The new book's cover of Mr. Kizito Kalima
As a teenager, Mr. Kalima lost both parents and other family members during the genocide against the Tutsi in Rwanda. During the genocide, he survived a serious head injury inflicted by a machete and hiding in a swamp for over a month. His survival was made possible by a man who risked his own life to save his. Mr. Kalima immigrated to the United States several years after the genocide but still suffered severe post-traumatic stress until he chose to forgive the genocide perpetrators. This choice has enabled him to live a life dedicated to helping others. To this end, Mr. Kalima founded the Peace Center for Forgiveness and Reconciliation in Indianapolis, Indiana.
What do you think caused a Hutu man to risk his life to save your life during a time when society taught Hutu to hate and kill Tutsi?
There are several reasons. First, the man who saved my life, Aimable Munyaneza, was living on the streets until he was about 13 years old. Then my father hired him to do some work. From then on, Aimable lived with us, and my father raised him as if he was his own son. My father taught both of us to think of the other one as a brother. In some ways, Aimable was returning the favour my father had done for him, but Aimable is also a Christian, and his religious faith told him to help people in need. Finally, Aimable is courageous and unselfish by nature. That is just who he is.
Has having your life saved by someone influenced your own life and how you treat other people?
Certainly! Now that I think of it, watching my father be good to other people may have created some kind of humanity in me. I think seeing his behavior made me focus on the common humanity in others, regardless of the category people put them in. I think I learned to focus on the common humanity in others from both my father and Mr. Munyaneza.
You talk about the importance of forgiveness and the role it has played in your life. How has forgiving the perpetrators of the 1994 genocide against the Tutsi in Rwanda influenced your life?
Forgiveness allowed me to live. I had to forgive if I was going to live because hatred and anger were killing me. Like many survivors of genocide, I had difficulty even surviving for many years, and I can tell you that existing in survival mode is not the best way to live. I suffered from anxiety, depression, and migraines. I tried a number of solutions to these problems, such as therapy and sports. But these only brought temporary relief, like putting a small band-aid on a large wound. I would have tried medication, but taking any kind of medication made me ill. And none of these things allowed me to do anything more than survive, and it was a struggle even to do that. Forgiveness was different. It brought the real me back to life. I started behaving like the real me, the person I was meant to be. When I was growing up, my dream was to be a priest just because I wanted to be the kind of person who would sacrifice their life for others. I wanted to be the kind of person who could remove obstacles from other people’s lives.
I know the concept of forgiveness is very controversial among survivors of the Holocaust. How have other survivors of the genocide against the Tutsi in Rwanda reacted to your decision to forgive the perpetrators of that genocide?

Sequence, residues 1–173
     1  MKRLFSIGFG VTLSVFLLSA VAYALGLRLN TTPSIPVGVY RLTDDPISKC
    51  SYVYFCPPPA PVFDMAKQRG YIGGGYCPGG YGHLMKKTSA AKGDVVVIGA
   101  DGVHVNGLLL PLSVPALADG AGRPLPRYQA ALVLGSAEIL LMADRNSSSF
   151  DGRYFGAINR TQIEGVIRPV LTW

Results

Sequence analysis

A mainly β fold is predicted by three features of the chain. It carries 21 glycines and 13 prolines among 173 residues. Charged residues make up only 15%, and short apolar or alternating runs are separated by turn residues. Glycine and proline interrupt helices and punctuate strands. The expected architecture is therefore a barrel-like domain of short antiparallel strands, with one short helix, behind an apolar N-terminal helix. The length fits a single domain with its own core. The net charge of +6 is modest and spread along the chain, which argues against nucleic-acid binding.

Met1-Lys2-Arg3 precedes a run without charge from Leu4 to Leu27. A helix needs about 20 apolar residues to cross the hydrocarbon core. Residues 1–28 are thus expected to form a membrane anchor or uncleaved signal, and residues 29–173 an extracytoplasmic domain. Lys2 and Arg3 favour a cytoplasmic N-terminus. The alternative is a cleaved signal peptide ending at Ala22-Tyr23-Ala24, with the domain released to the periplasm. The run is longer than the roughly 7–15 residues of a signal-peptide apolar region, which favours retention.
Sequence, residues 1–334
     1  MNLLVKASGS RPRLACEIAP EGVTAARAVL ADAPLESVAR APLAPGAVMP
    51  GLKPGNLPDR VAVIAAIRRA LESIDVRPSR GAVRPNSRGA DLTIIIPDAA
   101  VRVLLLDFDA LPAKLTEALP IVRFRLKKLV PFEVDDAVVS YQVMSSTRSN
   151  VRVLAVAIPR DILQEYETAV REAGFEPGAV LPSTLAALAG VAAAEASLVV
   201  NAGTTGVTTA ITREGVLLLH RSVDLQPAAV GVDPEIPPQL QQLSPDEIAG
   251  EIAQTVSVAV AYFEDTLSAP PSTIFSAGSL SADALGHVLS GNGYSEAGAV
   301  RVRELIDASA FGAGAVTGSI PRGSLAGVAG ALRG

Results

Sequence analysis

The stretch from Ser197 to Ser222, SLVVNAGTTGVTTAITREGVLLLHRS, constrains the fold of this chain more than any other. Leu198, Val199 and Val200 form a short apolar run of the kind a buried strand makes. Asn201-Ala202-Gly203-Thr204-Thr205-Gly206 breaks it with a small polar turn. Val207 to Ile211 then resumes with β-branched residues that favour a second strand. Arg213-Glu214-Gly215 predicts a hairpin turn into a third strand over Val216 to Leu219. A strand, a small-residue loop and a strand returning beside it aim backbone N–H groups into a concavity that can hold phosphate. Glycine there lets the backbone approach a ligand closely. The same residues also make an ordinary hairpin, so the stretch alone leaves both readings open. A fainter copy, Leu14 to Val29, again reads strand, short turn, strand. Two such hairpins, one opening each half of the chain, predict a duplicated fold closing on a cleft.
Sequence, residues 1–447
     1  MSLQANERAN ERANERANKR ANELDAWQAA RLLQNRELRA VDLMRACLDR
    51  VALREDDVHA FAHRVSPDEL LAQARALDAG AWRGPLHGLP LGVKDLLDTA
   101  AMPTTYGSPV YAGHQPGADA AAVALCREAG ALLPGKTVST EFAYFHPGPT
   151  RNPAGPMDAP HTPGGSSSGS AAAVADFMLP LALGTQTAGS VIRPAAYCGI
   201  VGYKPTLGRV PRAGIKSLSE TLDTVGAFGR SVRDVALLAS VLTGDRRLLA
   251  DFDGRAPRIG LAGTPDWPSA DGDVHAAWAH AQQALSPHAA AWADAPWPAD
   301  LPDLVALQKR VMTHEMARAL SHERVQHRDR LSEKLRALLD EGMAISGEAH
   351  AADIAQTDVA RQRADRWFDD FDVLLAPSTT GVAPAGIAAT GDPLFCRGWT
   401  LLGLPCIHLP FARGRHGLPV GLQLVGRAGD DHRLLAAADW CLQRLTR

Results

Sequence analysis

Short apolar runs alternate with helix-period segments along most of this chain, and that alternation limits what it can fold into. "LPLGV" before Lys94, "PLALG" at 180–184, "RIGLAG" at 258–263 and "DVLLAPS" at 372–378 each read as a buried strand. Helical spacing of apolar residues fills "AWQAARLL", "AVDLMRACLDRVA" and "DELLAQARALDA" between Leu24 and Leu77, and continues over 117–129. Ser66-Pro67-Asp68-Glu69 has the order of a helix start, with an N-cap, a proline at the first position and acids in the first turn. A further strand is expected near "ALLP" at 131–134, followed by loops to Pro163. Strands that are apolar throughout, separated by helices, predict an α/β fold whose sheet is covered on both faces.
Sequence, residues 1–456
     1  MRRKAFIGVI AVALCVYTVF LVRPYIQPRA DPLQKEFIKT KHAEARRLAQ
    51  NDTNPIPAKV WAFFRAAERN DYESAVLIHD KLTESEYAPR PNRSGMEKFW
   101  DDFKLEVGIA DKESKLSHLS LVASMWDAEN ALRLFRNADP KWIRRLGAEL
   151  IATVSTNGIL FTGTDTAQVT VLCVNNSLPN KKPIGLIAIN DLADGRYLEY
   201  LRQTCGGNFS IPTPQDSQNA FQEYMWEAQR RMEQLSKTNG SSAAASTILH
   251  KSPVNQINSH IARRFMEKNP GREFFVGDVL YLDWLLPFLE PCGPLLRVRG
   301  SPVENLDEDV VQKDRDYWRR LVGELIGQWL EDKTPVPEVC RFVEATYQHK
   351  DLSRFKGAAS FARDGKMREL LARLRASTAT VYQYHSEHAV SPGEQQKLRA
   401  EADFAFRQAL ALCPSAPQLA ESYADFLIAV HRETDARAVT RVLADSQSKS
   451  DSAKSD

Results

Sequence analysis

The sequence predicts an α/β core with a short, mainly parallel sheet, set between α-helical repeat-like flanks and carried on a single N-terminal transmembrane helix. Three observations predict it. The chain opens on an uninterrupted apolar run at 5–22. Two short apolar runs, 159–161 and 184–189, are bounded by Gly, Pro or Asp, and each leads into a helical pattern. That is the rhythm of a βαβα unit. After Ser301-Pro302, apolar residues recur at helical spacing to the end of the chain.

Oh, their reactions have been mixed. Some survivors have told me that forgiveness worked for them, but many survivors, probably the majority, were against the idea of forgiveness. This was certainly true when I first started to talk about forgiveness fifteen years ago. Some survivors said they hated the people who killed their families and friends too much to ever forgive them. Other survivors have criticized me for being weak and selling out to the killers. Some even suggest that I have some kind of mental illness that makes me so scared of the killers that I forgive them in the hope that it will keep them from killing me. I tell these people that the real reason is that I like the results forgiveness has had for me. Forgiveness has allowed me to live a normal and productive life. As time has gone by, people see what I have accomplished in my life as a result of forgiveness. The results of forgiveness speak for themselves. However, I always emphasize that I don’t negatively judge survivors who choose not to forgive the killers. I think different things work for different survivors.
What was it like to return to Rwanda last year for the first time since shortly after the 1994 genocide against the Tutsi?
Rwanda really exceeded my expectations in a very good way. I knew that Rwanda had changed in the quarter of a century since the last time I was there, but I wasn’t emotionally prepared for how much it had changed. On the way from the airport to the hotel in Kigali, I found myself looking for dead bodies because I saw dead bodies the last time I was there. But of course, there weren’t any dead bodies. Then, the first night, when I looked out of the window of my hotel in Kigali, I couldn’t believe how quiet it was. I wondered why I didn’t hear any sirens or explosions. I even jumped back at one point because I realized my silhouette in the window was an easy target for anyone looking to shoot a Tutsi. But of course, this wasn’t a problem in the Kigali of today. Kigali is also the cleanest city I’ve ever seen. People smiled, and almost everyone had a job. But the biggest surprise was the friendliness and politeness of people, especially the police! I know Rwanda still faces many problems, but I returned very optimistic about the possibility of reconciliation between people who have had terrible conflicts in the past. Today’s Rwanda inspires me to apply much of what I saw in Rwanda to western cultures. If peace and reconciliation are possible in Rwanda, they are possible anywhere.